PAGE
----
In a press conference, BNF Secretary General, Ketlhafile Motshegwa, expressed his discontent with the current government leadership. He criticized the ruling Botswana Democratic Party (BDP) for what he perceives as a disregard for the well-being of the Batswana people. Motshegwa highlighted issues such as high unemployment rates and shortages of essential medicines as evidence of the government’s failure to address the needs of its citizens.
The BNF’s dissatisfaction with the current government is a reflection of the growing discontent among the population. The Batswana people are increasingly frustrated with the lack of progress and the failure to address pressing issues. The BNF’s assertion that the government is playing with the lives of its citizens resonates with many who feel neglected and unheard.
The BNF’s acquisition of 15 constituencies, even before the negotiations have concluded, is a testament to their popularity and support among the people. It is a clear indication that the Batswana people are ready for change and are looking to the BNF to provide the leadership they desire.
As the negotiations continue, it is crucial for all parties involved to prioritize the interests of the people. The allocation of constituencies should be done in a fair and transparent manner, ensuring that the voices of all citizens are represented. The BNF’s success in securing constituencies should serve as a reminder to the other parties of the need to listen to the concerns and aspirations of the people they aim to represent.
In conclusion, the BNF’s acquisition of 15 constituencies, despite ongoing negotiations, highlights their strong presence and support among the Batswana people. Their dissatisfaction with the current government leadership reflects the growing discontent in the country. As the UDC coalition prepares for the upcoming General Elections, it is crucial for all parties to prioritize the needs and aspirations of the people. The BNF’s success should serve as a reminder of the importance of listening to the voices of the citizens and working towards a better future for Botswana.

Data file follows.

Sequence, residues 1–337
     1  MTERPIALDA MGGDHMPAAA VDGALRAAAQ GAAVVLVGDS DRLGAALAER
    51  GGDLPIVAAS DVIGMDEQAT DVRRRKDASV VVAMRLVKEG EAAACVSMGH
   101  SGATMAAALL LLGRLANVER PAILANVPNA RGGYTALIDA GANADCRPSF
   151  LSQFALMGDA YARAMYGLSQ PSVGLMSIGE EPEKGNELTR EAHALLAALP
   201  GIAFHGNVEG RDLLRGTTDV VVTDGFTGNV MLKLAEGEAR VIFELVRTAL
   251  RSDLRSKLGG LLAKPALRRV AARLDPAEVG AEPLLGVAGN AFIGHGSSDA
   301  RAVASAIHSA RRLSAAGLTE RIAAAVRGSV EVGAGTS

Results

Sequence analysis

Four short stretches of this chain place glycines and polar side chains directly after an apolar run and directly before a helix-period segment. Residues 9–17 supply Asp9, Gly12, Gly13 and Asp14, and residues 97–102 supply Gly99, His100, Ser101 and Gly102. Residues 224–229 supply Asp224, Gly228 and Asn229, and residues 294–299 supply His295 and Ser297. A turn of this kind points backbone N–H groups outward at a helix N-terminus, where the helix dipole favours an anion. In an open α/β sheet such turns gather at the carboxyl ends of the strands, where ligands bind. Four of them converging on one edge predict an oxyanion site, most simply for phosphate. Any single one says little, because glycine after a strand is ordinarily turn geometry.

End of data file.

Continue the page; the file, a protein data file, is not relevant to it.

Childrenâs summit to discuss funding of NGOS
One of the key issues that will be discussed by the Childrensâ Summit, which will be hosted by Childline Botswana Trust on 28th â 30th November in Gaborone, will be the topical issue of financing and strengthening of civil society organizations.
A statement from Childline Botswana indicates that the summit will adopt a road map for resourcing the childrenâs agenda by funding organizations. It will also cover issues relating to child welfare and protection; aimed at mobilizing governments to further strengthen Child Helplines; as well as sharing of emerging technologies to enhance the protection of Children and promotion of their rights.
According to Gaone Chepete, Communications Officer at Childline Botswana, the overall objective of the summit is to provide a platform for dialogue and engagement towards promoting practices and policies that fulfil childrenâs rights and welfare.
âChild Helplines in the region meet on a bi-annual basis to reflect on the state of children; evaluate their contribution and share experiences and best practice in the provision of services for children,â said Chepete.